An ICC committee made up of former Test players, chaired by former India captain Sunil Gavaskar, has recommended a new rule allowing bowlers to straighten their arms by up to 15 degrees.
Under the proposed new ruling, which will be put to the ICC Chief Executives' Committee of the 10 Test-playing countries at its next meeting, in Melbourne in February, almost all modern bowling actions would be legal.
If the move is adopted it would effectively end the controversy over Sri Lankan off-spinner Muttiah Muralitharan and allow him to again bowl his doosra, the delivery that turns away from the normal off-break.
"It seems like they are playing around and changing these rules all the time," Australian Test captain Ricky Ponting said Thursday.
"What that says to me as well is that Murali will be able to bowl his doosra again."
The world's leading Test wicket-taker Shane Warne went to lengths to avoid saying Muralitharan would specifically benefit from the decision, but he believed it would lead to more confusion in world cricket.
"I think it might (create confusion). How does an umpire tell if it's 12 degrees, 10 degrees, nine, 13, 14, whatever it is when it happens like that?" Warne said in Melbourne.
Warne said he would not take issue with the elastic-wristed Muralitharan bowling his doosra, if the proposal was rubber-stamped by the ICC Executives Committee.
"If that's what they say... whatever they basically say we, as players, have to abide with it," he said. "You've got to look at the laws and what the laws say -- it's pretty hard to bowl a ball, given the way the law is."
Despite the committee including respected former Test bowlers Michael Holding, Tim May and Angus Fraser, the move has prompted accusations the ICC is bending the rules to accommodate Muralitharan's contentious bowling action.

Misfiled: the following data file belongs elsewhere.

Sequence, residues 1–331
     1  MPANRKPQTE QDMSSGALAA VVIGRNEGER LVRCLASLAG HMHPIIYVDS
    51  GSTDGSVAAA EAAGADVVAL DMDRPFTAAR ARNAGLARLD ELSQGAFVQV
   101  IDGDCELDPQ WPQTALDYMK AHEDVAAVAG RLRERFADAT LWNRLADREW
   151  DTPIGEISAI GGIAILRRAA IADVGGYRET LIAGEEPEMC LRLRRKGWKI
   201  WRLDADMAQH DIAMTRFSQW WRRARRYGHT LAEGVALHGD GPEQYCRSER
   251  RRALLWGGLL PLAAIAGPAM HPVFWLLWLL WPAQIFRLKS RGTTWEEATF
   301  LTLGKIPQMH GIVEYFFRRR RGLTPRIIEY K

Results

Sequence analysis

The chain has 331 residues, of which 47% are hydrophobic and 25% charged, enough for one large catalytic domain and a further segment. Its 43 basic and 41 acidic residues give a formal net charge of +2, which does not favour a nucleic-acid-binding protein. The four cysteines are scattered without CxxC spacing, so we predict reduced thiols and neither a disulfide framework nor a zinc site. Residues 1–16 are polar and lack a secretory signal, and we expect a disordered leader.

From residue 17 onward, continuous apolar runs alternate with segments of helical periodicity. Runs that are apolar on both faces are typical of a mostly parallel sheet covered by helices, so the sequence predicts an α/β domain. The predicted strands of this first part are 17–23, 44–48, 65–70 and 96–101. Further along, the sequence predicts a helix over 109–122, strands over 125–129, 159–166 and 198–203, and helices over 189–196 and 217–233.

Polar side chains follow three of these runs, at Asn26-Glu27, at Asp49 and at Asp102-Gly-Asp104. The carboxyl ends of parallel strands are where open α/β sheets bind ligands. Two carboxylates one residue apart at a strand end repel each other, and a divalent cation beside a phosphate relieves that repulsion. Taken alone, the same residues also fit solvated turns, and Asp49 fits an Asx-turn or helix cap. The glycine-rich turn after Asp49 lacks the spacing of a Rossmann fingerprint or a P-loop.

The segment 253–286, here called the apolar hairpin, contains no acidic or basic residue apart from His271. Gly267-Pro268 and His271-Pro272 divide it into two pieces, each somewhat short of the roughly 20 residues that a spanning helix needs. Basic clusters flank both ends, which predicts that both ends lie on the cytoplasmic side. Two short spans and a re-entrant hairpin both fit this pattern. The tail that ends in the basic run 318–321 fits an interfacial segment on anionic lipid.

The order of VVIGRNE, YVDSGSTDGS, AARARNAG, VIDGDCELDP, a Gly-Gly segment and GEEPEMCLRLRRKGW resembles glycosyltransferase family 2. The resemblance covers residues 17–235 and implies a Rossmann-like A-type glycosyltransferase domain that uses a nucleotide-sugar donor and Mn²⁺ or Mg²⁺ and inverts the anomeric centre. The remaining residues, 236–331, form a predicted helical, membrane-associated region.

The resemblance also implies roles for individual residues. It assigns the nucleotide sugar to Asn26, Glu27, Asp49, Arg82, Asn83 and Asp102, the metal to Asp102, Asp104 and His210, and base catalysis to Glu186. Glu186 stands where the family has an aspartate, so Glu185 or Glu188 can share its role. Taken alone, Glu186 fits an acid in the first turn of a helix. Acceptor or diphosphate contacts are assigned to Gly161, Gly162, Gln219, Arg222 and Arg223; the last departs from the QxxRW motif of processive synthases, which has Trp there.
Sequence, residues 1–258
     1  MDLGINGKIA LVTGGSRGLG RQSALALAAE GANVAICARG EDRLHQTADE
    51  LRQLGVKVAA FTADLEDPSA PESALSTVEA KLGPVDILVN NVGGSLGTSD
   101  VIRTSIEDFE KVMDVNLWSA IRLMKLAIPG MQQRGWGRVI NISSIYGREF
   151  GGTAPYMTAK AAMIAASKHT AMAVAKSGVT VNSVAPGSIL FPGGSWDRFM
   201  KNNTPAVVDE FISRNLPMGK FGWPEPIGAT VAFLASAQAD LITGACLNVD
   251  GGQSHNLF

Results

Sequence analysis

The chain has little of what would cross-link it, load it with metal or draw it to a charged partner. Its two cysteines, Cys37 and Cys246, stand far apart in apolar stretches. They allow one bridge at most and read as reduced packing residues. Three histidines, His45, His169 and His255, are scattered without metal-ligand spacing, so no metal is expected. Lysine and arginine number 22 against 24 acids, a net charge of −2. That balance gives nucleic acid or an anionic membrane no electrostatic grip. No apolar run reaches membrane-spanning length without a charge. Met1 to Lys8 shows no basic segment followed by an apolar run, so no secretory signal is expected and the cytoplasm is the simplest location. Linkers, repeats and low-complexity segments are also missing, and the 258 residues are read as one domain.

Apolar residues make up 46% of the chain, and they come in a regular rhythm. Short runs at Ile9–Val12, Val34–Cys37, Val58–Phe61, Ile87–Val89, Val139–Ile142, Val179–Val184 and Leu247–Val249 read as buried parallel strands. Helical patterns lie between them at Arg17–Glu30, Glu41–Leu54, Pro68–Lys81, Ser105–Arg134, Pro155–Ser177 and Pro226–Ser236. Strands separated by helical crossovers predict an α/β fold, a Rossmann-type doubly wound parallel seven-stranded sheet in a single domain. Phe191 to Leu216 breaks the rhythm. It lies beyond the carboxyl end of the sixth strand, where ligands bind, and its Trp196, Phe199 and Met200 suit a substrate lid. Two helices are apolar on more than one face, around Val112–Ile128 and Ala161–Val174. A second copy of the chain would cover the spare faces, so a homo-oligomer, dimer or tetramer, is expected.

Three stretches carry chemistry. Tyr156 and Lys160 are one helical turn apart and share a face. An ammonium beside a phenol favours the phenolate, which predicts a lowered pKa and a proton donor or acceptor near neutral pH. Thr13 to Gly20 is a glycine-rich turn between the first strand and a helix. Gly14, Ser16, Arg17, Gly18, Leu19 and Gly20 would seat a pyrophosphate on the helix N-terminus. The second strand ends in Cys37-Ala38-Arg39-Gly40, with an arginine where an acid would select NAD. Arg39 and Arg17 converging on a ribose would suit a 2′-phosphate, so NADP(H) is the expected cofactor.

Muralitharan is nine Test wickets behind Warne with 532 scalps and is out of international cricket due to injury and citing the need for rest but is set to return in the New Year.
The recommendation to go before the ICC stunned others here.
"I just think we've just opened a huge can of worms and it's something we might pay the price for later on," said Warne's coach Terry Jenner.
Test cricket's leading run-scorer Allan Border said: "I'm a bit from the old school - throwing is throwing. If you straighten your arm, it's a throw."
Professor Bruce Elliott, one of three biomechanics who conducted the research into Muralitharan's bowling action, denied the issue was specifically about the Sri Lankan.
"That is wrong and what's more (illegal throwing) is a far bigger problem than that," said the Perth-based human movements academic.
"There was no thought by anybody that Muralitharan was the issue that was being discussed. We were looking at data from possibly 80 bowlers around the world."
Cricket Australia was sanguine about the ICC proposal.
"It's a significant change from the current arrangements, but we all acknowledge perhaps they weren't correct. So we think it's a step forward," said CA general manager of cricket operations Michael Brown.